Americans are fleeing Puerto Rico in droves. The reason is that a grinding economic crisis became a full-blown humanitarian disaster after the Trump administration utterly botched the response to Hurricane Maria. At the time of writing — over two months since the hurricane struck — nearly 10 percent of the population is still without water, and well over half is still without electricity. A CNN survey of funeral homes found 499 hurricane-related deaths — almost 10 times the official casualty figure.
As a result, some 168,000 Puerto Ricans have fled the island to Florida alone since the hurricane, by far the fastest out-migration in its history, with another 100,000 booked on flights to Orlando through the end of the year. It is nothing less than an internal refugee crisis created by the bungling and inattention of the American government — most of all the Trump administration.
Puerto Rico has been suffering for well over a decade. As I've written before, the island experienced a huge debt build-up due to misguided tax loopholes, Wall Street swindlers exploiting them, and some irresponsible governance, with everything made a bit worse by odd shipping regulations. All that was seriously exacerbated by the 2008 economic crisis, and things came to a head around 2015. The years and years of poor economic performance probably go some distance toward explaining why the island has a far lower birthrate than any American state.
In 2016, the Republican Congress and President Obama put Puerto Rico under the control of an unelected "PROMESA" dictatorship of technocrats. And instead of realizing the obvious, they placed the island into a classic austerity trap, mandating gigantic tax hikes and service cuts that worsened output, hemorrhaged residents, and probably even made the debt problem worse.
Now two months after Maria, the island remains more or less in ruins. The stream of people fleeing the island has become a flood — and because Puerto Ricans are U.S. citizens, the only barrier to leaving is money.
As Lyman Stone details, this combination of factors — low birthrate, high emigration, and little immigration — is going to lead to an epic demographic collapse in Puerto Rico, perhaps worse than that of the Great Famine in Ireland in the 1840s.
What Puerto Rico needs was and remains obvious. It needs a huge debt cancellation, coupled to a large rebuilding and investment package. Indeed, the hurricane was in some ways a golden opportunity to fix the aging and inefficient infrastructure there — particularly its power plants, which mostly use heavy fuel oil that not only produces tons of greenhouse gases, but also has to be imported at great expense. It's nuts for such a sunny and windy place to have such a paltry supply of renewable energy.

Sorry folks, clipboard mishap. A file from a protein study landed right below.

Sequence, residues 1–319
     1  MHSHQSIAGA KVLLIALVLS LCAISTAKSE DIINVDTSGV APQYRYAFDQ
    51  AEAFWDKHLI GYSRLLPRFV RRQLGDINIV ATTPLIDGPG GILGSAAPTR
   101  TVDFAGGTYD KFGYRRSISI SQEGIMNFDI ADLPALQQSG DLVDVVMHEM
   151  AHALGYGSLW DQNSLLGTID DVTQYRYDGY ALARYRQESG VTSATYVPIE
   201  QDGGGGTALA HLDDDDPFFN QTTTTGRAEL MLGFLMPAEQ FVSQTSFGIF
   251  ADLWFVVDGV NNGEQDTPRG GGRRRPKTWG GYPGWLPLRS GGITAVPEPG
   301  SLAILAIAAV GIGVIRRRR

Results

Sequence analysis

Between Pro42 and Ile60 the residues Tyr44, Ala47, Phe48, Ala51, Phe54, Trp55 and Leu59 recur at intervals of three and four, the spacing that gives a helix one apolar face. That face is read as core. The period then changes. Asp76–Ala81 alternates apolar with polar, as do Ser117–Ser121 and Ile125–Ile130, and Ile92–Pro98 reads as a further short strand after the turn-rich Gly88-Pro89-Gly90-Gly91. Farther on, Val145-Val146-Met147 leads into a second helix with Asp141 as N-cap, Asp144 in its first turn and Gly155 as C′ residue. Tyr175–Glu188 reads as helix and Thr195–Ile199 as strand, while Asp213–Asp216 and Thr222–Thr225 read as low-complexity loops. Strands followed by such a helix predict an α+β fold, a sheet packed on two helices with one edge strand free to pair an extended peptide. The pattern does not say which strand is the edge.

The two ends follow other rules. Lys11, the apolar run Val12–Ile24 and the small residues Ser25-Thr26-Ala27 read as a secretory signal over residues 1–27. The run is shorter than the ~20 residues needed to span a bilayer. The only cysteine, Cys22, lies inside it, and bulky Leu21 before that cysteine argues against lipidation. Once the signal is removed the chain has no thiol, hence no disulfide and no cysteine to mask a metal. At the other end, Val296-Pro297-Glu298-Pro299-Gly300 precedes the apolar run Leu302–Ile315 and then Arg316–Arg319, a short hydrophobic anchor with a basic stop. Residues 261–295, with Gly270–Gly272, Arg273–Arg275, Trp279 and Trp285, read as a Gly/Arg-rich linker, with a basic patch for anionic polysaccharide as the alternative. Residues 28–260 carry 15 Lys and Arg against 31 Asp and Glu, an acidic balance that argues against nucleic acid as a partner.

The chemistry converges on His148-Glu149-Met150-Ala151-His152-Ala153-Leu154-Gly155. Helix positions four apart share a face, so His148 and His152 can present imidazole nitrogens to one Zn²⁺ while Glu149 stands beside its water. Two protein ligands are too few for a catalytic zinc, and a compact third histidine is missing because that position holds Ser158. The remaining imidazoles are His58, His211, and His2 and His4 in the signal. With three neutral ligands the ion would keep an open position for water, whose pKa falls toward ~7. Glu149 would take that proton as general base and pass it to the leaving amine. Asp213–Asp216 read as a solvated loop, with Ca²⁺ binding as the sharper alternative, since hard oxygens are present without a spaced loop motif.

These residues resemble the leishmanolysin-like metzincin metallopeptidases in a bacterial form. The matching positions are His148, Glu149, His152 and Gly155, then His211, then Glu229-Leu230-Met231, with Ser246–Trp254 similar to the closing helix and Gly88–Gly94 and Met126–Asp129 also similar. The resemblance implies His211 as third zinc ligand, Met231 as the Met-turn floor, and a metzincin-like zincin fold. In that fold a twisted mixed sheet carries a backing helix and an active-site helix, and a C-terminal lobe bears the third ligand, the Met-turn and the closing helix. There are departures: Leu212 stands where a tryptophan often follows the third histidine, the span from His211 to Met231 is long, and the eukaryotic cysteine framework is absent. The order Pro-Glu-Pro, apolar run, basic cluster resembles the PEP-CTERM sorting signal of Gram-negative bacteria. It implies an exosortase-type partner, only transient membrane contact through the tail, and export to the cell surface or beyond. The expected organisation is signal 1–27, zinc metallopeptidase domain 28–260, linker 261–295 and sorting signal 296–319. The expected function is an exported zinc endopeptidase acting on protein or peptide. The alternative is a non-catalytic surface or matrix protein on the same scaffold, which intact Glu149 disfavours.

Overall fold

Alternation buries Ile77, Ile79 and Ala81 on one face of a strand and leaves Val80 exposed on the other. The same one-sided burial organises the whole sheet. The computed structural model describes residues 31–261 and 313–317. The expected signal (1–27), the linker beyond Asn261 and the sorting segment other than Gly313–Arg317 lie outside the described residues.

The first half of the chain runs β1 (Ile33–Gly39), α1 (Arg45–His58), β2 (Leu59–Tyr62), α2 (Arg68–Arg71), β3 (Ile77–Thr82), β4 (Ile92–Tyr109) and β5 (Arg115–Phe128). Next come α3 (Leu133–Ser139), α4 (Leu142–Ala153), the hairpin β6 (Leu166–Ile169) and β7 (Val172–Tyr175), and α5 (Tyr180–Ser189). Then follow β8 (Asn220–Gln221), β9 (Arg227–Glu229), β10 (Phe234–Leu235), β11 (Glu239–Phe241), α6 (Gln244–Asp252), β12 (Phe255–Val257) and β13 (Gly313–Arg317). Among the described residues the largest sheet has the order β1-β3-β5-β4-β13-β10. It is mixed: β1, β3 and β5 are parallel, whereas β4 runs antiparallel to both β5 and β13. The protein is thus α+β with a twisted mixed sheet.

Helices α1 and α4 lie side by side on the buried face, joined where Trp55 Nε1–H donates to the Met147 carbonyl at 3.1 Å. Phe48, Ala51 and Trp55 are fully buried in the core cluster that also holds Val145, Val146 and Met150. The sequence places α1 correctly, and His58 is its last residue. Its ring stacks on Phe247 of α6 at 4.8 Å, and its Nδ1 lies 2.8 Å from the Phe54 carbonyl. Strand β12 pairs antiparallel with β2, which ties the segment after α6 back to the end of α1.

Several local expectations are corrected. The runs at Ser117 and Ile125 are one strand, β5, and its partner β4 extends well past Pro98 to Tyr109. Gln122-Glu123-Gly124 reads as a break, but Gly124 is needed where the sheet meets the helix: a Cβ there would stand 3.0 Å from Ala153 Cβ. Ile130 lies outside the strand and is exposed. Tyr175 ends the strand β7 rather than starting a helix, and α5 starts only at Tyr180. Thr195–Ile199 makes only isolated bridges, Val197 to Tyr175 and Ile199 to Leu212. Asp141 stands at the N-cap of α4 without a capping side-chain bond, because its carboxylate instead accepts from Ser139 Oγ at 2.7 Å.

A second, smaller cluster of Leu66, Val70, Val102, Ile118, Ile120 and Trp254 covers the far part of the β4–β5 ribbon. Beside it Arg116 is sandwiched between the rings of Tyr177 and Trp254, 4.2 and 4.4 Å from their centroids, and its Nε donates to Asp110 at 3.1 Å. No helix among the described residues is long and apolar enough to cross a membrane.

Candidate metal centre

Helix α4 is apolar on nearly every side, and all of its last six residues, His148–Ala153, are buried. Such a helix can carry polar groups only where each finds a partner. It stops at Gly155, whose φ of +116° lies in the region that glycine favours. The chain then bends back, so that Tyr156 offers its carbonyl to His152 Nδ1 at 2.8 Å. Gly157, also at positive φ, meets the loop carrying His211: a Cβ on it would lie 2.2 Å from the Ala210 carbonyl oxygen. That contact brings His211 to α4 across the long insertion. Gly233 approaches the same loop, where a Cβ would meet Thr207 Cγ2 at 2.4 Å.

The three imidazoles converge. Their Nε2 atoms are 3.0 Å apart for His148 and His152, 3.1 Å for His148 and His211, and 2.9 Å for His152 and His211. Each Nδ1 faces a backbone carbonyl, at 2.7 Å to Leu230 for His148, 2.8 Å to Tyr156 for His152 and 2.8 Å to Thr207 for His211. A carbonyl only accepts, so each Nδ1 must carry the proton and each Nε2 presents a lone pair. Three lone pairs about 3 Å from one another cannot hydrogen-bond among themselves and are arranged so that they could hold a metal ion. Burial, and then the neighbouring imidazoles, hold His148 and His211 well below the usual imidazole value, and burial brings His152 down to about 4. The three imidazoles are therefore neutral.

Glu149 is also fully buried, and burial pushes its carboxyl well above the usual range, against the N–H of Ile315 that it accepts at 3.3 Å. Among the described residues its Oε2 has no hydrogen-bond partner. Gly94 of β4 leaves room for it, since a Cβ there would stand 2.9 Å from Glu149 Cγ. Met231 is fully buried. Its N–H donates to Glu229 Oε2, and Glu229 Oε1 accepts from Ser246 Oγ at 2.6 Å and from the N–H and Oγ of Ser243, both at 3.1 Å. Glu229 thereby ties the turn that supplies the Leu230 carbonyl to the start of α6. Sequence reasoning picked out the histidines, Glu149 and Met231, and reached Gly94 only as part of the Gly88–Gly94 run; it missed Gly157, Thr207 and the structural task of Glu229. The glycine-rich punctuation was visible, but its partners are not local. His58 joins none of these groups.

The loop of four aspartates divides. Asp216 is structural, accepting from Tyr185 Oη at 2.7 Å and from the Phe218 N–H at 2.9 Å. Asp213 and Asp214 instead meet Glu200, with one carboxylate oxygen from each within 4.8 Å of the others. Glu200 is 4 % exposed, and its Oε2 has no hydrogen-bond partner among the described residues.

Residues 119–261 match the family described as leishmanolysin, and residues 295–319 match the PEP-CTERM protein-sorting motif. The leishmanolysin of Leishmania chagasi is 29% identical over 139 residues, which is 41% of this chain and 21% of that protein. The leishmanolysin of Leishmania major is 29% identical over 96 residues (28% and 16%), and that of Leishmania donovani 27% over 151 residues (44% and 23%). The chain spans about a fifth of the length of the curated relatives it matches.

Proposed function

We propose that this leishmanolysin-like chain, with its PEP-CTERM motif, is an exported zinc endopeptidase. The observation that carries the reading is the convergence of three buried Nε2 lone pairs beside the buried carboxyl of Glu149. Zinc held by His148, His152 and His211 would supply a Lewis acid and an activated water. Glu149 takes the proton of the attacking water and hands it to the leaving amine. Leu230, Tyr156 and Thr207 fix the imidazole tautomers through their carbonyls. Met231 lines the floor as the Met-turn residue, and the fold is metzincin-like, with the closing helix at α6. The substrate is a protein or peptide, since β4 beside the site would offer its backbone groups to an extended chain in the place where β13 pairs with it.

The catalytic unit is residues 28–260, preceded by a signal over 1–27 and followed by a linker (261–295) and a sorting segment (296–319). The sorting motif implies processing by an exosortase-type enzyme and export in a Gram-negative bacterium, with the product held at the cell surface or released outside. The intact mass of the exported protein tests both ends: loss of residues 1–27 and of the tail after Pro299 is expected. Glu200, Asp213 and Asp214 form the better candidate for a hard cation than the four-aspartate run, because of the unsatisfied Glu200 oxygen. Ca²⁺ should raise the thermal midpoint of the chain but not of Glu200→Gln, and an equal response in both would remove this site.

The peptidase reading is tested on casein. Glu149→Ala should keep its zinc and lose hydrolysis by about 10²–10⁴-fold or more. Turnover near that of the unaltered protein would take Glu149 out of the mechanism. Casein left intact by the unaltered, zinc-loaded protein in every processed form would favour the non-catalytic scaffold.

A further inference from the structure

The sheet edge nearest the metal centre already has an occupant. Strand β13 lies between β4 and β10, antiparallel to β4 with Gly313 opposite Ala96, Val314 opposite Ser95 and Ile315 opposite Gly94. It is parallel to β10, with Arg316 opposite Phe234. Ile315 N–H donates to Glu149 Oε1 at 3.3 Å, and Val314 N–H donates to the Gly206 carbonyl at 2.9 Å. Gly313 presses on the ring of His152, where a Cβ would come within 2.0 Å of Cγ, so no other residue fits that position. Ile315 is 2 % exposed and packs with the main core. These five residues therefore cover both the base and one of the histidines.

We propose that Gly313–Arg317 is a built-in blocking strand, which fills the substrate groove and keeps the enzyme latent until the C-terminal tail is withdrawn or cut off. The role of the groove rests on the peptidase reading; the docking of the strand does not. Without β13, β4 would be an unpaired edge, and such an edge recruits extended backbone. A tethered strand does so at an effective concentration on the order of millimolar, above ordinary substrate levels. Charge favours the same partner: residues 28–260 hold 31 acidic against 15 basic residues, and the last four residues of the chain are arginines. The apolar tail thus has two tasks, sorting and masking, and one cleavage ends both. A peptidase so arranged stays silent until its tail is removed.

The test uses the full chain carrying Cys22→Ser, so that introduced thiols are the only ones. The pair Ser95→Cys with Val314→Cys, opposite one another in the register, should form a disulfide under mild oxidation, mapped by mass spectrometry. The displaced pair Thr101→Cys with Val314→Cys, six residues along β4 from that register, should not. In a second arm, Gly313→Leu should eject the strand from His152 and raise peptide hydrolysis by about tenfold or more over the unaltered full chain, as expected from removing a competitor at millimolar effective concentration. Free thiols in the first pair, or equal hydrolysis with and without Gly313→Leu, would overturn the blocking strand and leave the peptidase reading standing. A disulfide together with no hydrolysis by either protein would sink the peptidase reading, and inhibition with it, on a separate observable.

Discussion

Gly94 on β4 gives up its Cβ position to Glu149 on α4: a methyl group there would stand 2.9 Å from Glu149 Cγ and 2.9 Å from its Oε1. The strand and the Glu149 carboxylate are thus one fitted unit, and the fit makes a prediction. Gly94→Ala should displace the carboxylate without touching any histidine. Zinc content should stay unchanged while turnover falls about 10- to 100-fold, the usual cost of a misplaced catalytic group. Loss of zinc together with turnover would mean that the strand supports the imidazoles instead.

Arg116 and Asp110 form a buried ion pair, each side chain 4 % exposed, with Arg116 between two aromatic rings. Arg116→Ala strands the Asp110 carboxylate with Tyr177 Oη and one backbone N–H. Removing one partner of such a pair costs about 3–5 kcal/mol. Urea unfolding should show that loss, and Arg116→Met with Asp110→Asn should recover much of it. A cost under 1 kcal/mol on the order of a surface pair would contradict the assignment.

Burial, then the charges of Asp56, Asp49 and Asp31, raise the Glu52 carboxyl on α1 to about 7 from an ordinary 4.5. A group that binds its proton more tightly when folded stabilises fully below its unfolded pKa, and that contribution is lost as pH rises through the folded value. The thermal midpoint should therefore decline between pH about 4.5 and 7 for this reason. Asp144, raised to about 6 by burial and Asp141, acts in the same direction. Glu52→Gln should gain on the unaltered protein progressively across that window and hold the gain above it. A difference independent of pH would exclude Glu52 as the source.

But fundamentally, only by first returning to economic health can Puerto Rico possibly repay even a fraction of its debts. Conversely, continuing to pummel the island with austerity will only worsen background conditions and make its debt that much more unpayable.
Finally, immediate U.S. statehood is also a good idea. Like colonies throughout history, Puerto Rico has been continually jerked around by the American government. It's long since time Puerto Ricans got elected representatives who could advocate and vote for their interests in Washington.
Yet there is little to no chance of any of this happening so long as Republicans control Congress and the White House. The Trump administration did recently submit a new request for $44 billion for hurricane relief, but most of that is earmarked for purposes other than Puerto Rico, and wouldn't even come close to what is needed. Nor does it even match the $88 billion in relief that Florida and Texas, still recovering from their own hurricane disasters, have asked for. Meanwhile, congressional Republicans are desperately trying to pass their tax bill, which shovels billions upon billions of dollars into the suppurating gullets of the idle rich. A few million American citizens in desperate straits barely registers by comparison.
So it's a safe bet we're going to have an indefinite internal refugee crisis in places with significant Puerto Rican populations — like Florida and New York City.
But it's also worth emphasizing that putting Puerto Rico back on its feet could be accomplished quickly and easily. All that is needed is money, sustained attention, and some concern for one's fellow citizens. If and when Democrats take back political power, they should immediately do so — and earn themselves some new congressmen and senators in the process.